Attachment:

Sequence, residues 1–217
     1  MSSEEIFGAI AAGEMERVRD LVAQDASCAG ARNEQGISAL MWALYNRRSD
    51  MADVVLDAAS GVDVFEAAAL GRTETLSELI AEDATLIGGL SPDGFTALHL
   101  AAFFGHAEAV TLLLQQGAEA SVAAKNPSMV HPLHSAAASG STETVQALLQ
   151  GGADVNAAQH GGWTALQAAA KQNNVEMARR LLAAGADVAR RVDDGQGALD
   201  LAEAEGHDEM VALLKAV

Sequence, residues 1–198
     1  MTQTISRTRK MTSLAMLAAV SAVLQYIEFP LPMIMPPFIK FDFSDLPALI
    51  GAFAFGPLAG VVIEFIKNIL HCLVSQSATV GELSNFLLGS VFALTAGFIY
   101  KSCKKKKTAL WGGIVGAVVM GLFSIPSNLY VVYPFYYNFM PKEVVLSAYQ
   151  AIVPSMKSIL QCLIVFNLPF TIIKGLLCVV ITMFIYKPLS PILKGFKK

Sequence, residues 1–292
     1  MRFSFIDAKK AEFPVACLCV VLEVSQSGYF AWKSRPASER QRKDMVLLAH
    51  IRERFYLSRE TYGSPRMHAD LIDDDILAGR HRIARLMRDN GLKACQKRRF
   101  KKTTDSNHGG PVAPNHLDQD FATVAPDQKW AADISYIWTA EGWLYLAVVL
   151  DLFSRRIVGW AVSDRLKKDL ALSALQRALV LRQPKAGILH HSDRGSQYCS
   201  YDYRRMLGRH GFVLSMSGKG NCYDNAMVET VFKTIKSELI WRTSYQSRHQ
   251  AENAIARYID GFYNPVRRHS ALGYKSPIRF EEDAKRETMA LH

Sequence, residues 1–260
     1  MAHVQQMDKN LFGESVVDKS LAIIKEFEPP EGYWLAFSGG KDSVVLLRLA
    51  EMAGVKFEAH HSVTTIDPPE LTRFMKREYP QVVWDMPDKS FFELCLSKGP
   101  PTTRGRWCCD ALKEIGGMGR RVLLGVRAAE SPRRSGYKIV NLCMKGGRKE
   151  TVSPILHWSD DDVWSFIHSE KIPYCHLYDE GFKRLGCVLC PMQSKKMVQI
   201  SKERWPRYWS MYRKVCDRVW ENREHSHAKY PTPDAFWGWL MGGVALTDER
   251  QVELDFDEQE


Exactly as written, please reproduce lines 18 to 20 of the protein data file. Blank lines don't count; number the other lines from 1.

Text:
   251  AENAIARYID GFYNPVRRHS ALGYKSPIRF EEDAKRETMA LH

Sequence, residues 1–260
     1  MAHVQQMDKN LFGESVVDKS LAIIKEFEPP EGYWLAFSGG KDSVVLLRLA